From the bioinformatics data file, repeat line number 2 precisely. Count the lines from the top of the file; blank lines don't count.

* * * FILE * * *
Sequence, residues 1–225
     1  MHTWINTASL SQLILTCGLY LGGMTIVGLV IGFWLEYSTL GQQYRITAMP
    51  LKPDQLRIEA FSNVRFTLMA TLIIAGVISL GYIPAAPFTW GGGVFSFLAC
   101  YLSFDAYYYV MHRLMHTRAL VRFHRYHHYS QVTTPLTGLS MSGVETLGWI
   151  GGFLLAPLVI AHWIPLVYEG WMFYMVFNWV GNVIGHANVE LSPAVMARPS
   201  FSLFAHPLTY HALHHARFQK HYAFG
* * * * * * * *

     1  MHTWINTASL SQLILTCGLY LGGMTIVGLV IGFWLEYSTL GQQYRITAMP